How Kerala managed to flatten the Covid graph
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Kerala has been reporting fresh cases of the novel coronavirus in single digits for the past few days, a flattening of a deadly curve by measures that included early detection, aggressive testing and contact tracing, and a 28-day quarantine period — double that prescribed by the WHO. And underlying it all and making it possible was a robust public health system.

From one infection on January 30 to 378 on April 13 and two deaths so far, the state has seen 198 people recover. It recorded its highest cases in a day (39) on March 27, and the lowest on March 19 (1). On April 12, it was just two cases. It realized early on the potential lethality of a curve arcing sharply upward.

#January18: State Health Department issued a Covid-19 alert

Began to screen passengers arriving from abroad, initially from the cradle of the virulent spread: China. International arrivals were given a health card in which they had to list their travel details and health condition. All the state’s five airports were linked to ambulances and emergency response in district hospitals. Over the next week, it set up district control rooms, started procuring masks, gloves, other personal protection equipment (PPE) and medicines. It ordered district hospitals to designate isolation wards.

#February4: Declared Covid-19 threat, a state disaster

Contact tracing was meticulous. Manual surveillance, from January 30 to March 8, began with interviewing individual patients and working backward to people with whom they had been in touch.

#March9: Introduced Spatio-temporal Mapping

It was after a family of three came didn’t report their travel to Italy. This involved a detailed flowchart that depicted the date, time and movement of each affected person, based on call details and CCTV footage.

#28Days Strict Home quarantine was Imposed

12,470 were in home quarantine on March 16; this rose to 1,22,676 people on April 11. Each person in home quarantine, for 28 days instead of the recommended 14, received an average of 2 to 3 calls daily from authorities. About 16,000 teams ensured those in home quarantine stayed home.

#April 2, 14,989 samples had been sent for testing, of which 13,802 came out negative. From April 1 to 13, the state conducted 227 tests per million people for its population of 3.4 crore.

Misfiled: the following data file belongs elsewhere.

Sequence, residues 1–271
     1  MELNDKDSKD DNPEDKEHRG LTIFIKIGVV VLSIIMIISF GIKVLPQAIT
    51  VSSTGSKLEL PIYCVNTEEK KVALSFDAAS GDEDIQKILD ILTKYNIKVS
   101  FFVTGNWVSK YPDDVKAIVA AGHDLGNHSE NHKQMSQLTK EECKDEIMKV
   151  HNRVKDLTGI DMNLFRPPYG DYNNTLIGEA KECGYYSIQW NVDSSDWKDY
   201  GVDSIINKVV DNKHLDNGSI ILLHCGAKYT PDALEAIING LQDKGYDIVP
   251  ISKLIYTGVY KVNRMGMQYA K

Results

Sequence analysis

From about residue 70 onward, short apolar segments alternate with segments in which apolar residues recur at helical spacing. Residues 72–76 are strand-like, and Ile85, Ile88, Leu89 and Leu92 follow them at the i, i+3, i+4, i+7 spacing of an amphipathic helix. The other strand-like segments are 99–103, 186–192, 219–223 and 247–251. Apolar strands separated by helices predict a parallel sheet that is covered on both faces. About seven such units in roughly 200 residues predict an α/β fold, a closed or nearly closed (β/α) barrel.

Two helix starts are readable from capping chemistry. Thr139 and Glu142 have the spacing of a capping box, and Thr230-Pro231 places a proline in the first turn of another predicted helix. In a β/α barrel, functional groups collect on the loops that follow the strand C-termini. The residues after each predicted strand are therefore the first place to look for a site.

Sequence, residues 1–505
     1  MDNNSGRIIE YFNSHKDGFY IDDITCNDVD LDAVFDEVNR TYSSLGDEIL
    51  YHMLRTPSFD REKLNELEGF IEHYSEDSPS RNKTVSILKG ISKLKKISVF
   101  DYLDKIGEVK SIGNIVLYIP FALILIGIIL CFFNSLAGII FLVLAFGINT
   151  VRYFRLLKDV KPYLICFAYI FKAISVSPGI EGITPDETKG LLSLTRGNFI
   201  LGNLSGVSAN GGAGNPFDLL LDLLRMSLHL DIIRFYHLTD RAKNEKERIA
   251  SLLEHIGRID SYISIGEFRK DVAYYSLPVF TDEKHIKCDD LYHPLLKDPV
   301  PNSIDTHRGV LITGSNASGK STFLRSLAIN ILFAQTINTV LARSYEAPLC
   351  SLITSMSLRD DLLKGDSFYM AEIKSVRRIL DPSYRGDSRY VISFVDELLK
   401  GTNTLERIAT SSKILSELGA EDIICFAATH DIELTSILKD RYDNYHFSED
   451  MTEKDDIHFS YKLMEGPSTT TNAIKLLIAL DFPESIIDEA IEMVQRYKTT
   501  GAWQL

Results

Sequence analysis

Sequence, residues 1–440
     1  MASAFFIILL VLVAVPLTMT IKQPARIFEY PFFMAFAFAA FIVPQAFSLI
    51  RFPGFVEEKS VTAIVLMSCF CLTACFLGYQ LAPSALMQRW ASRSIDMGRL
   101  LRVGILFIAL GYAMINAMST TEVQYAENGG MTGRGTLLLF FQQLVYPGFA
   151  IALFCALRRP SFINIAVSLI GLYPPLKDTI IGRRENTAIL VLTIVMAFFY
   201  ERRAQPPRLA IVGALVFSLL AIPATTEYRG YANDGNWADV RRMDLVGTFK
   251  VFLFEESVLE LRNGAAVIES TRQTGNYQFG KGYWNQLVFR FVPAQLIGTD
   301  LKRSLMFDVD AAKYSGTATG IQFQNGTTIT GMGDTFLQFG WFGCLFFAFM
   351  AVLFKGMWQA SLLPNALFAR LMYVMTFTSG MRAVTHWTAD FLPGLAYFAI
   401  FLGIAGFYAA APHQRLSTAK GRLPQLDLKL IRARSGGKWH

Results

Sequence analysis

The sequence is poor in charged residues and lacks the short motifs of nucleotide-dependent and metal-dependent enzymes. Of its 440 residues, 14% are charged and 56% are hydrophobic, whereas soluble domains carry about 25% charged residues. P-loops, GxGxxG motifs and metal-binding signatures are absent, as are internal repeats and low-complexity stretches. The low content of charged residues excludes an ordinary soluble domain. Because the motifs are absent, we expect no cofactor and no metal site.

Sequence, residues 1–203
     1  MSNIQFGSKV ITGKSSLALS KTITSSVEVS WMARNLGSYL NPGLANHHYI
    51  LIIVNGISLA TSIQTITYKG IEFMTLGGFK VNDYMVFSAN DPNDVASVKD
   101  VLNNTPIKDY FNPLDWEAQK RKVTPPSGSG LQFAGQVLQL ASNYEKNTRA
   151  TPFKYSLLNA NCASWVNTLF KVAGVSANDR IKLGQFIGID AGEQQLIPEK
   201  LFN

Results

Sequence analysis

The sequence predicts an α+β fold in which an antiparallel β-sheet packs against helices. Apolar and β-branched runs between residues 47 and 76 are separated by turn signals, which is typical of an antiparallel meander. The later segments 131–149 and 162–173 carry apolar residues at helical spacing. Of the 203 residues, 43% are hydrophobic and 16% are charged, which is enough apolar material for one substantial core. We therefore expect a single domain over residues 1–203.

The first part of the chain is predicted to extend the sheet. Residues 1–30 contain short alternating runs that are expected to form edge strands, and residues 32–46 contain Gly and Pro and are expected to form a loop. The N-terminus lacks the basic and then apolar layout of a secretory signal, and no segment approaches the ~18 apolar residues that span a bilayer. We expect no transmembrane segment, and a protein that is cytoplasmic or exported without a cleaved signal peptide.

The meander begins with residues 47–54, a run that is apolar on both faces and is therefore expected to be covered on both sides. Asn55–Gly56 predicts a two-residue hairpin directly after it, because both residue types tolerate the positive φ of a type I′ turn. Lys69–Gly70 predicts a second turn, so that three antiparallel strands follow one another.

Kerala also kept its doctors safe. A three-tier system was implemented at all government medical college hospitals. Doctors were split into three teams. The first worked on Covid-19 cases and in isolation wards. The second attended outpatient cases and the emergency department. The third stayed home on leave, prepared to deploy if the need arose.

The lockdown showed results in Kerala. The state had reported 109 cases on March 24, a day before the lockdown, and was at that point the worst-hit. But, as the lockdown wore on, it almost flattened the curve, bringing the increase in cases per day down to just about 10% by the end of the first week. Since April 3, it’s been between 3% and 4%.

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Dr. S●●●●y M●●●●●●●●i and 44 others like this32 shares
Dr. S●n B●n
Dr. S●n B●n Internal Medicine
Good health system, hardworking employees, and civilized citizens makes all things to be correct.. well done Kerala.
Apr 16, 2020Like1
Dr. V●●●●●●j D●●●i
Dr. V●●●●●●j D●●●i Legal Medicine
It is worth debating & considering shifting the migrant workers FROM METRO CITIES to their native villages, provided the shifting is done by taking following steps carefully: 1. Arranging special trains & buses, and 2. Quarantining them, may be in the same trains, for 2 to 4 weeks before they reach their native villages, and obviously taking subsequent necessary steps in case they show evidence of COVID19 infection during the quarantine period or later. Reasons why this shifting may be beneficial & necessary: 1. They admittedly live in congested rooms (& areas) sometimes even 10 to 12 of them per room (which are even without toilet facilities in the room). If any of them gets infected with COVID19, the infection can spread quickly to create havoc in the thickly populated congested rooms (& areas). 2. They survive generally on daily wages which daily wages are almost absent in these COVID19 days, because of lockdown in metro cities. They may be able to work in farms in villages after the suggested quarantine period is over for them.... Read more
Apr 16, 2020Like
Dr. S●●●a Q●●●●m
Dr. S●●●a Q●●●●m Dermatology
Great job...a role model for other states and UTs to follow
Apr 26, 2020Like